Taken from a conversation between Müller & Makaroff from Gotan Project, this interview presents the ideological backdrop to their new project Antropoceno!, where music and science come together in an urgent call for action. In 1998, the Swiss and Argentinian musicians met in Paris, where they started creating music inspired by tango and intertwined with rhythms from all over the world. In their new project the merging of folkloric and electronic music still survives, entangled with the voices, languages and music of many other ‘messengers’ who collaborate in this comprehensively human project.

The Anthropocene is used as a term to define the particular historical moment through which we are living: humans have taken over nature and created an imbalance which is destroying the soil, polluting the air and sea, and killing the biodiversity that surrounded us. We are the only mammal capable of inflicting such dangers but, at the same time, the only one who is able to change this. Antropoceno!is a hymn to the bright future that we must choose and fight for.




Eduardo Makaroff: So, what is music to you, Christoph? I will give you half an hour to answer, no more.

Christoph H. Müller: Music is my life. It’s important for Antropoceno!because we use it as a tool. It has a sort of power which we use to transmit in a creative, poetic or musical way the data that we have read or know regarding what’s going on right now in the Anthropocene, the era of the humans.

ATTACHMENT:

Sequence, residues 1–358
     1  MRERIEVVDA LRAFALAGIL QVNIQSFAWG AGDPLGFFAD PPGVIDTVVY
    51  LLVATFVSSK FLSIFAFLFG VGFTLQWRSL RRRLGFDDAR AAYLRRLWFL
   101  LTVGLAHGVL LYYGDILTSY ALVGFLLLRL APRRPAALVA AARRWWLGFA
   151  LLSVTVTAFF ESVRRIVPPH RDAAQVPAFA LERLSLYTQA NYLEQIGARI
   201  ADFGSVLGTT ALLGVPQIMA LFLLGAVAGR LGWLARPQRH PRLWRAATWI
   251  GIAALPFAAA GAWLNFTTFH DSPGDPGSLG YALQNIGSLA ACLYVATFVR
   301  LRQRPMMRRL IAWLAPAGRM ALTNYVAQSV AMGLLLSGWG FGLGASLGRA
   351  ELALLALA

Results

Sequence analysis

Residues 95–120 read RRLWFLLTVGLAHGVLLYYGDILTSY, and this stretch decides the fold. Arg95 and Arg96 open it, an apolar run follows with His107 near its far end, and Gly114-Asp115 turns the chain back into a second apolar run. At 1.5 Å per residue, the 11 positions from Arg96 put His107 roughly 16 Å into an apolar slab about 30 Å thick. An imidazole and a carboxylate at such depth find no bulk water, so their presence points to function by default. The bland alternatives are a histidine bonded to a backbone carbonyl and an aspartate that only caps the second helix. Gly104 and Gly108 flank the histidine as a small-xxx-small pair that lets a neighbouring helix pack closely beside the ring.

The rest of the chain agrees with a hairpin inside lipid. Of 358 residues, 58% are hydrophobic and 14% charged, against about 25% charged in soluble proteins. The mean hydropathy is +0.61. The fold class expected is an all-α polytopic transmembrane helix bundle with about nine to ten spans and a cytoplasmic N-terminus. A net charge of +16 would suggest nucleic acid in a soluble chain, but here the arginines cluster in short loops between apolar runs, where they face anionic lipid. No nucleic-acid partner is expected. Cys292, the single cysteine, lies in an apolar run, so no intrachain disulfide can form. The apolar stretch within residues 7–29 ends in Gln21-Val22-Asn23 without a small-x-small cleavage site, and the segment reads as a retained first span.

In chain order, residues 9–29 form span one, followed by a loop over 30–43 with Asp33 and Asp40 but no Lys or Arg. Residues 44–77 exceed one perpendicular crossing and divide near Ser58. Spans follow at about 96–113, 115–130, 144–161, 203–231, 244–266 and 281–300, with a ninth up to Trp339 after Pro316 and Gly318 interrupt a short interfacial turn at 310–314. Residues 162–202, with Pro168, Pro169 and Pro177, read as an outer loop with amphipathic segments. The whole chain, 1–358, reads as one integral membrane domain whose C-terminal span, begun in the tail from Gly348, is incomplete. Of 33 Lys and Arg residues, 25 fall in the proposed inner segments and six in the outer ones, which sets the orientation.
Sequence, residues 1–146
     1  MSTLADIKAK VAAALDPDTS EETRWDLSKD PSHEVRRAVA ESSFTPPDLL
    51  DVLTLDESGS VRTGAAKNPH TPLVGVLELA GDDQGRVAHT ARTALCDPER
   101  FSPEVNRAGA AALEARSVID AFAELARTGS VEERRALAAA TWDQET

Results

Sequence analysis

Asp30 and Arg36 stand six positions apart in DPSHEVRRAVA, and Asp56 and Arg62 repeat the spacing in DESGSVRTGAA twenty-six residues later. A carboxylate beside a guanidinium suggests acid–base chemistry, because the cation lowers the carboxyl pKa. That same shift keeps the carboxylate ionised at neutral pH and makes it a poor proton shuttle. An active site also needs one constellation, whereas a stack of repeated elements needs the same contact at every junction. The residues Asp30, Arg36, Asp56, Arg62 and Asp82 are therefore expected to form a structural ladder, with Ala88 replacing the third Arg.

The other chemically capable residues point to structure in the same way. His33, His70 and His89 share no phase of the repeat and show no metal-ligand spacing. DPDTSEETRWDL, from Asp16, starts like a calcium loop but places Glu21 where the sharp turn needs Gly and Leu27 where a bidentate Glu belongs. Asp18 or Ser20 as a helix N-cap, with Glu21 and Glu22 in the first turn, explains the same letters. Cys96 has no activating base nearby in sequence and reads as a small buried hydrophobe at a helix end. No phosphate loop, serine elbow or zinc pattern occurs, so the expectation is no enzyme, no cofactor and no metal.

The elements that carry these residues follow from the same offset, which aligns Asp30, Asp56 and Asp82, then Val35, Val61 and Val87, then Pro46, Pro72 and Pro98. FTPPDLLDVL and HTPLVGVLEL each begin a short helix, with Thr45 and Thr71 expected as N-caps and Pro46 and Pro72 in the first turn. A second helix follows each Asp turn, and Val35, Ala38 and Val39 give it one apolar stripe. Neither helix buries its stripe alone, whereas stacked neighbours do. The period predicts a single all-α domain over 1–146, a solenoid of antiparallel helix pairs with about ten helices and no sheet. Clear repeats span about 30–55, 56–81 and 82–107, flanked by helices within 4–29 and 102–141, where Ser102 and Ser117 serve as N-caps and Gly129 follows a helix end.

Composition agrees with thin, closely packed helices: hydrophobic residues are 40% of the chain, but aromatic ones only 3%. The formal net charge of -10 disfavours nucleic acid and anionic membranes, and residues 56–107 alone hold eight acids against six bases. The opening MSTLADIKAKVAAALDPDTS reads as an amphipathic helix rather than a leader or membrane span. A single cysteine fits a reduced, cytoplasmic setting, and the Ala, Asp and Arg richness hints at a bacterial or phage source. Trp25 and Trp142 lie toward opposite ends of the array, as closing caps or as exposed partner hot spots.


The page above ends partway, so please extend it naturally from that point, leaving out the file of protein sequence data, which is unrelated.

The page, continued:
EM: I agree with what you say. Music is part of life on earth, it is part of the universe. Physically and scientifically talking, music is made by waves that expand in the air. When these are regular and isochronous, as they are called, they create musical sounds. It is an activity as old as humanity itself. I believe this is one of the deepest connections between music and the earth, and in our project we try to influence people’s awareness of it. As you say, I think that the majority of women and men on this earth aren’t aware of the Anthropocene, but it is crucial to understand what is happening and how the human species is provoking such catastrophic changes. The most recent is the pandemic, which is part of the Anthropocene too. It isn’t simply a coincidence that this infected us, it is fruit of the productive and expansive action of the human species over virgin places. Science tells us that most epidemics come from animals we breed in captivity or intensive farming. We can’t fight this only through a vaccine, as this would counter only the effects: we must fight against the cause itself, which is the destruction of biodiversity.

CH: That is very true. And if this virus came from a lab, then it is even more anthropocenic. I just want to add one thing to this Eduardo: as artists, we simply believe that everybody should start seeing what she or he can do on an individual level, and in order for this to happen, people must be aware of the fact that they have to do something. When we became aware of it, we decided to do what we know best and that is music: we are no politicians or scientists, so we hope that through music we can at least try to change the vision in people’s minds. It is important because humans have a tendency to put their head in the sand when something seems bad, just like small children covering their eyes. This simple reaction makes us believe that if we don’t see the problem, it doesn’t exist anymore. We cannot pretend we are able to provoke real change, but if we don’t move it is even worse. So I really think that everyone has the potential to put a stone on the building of consciousness in their own way.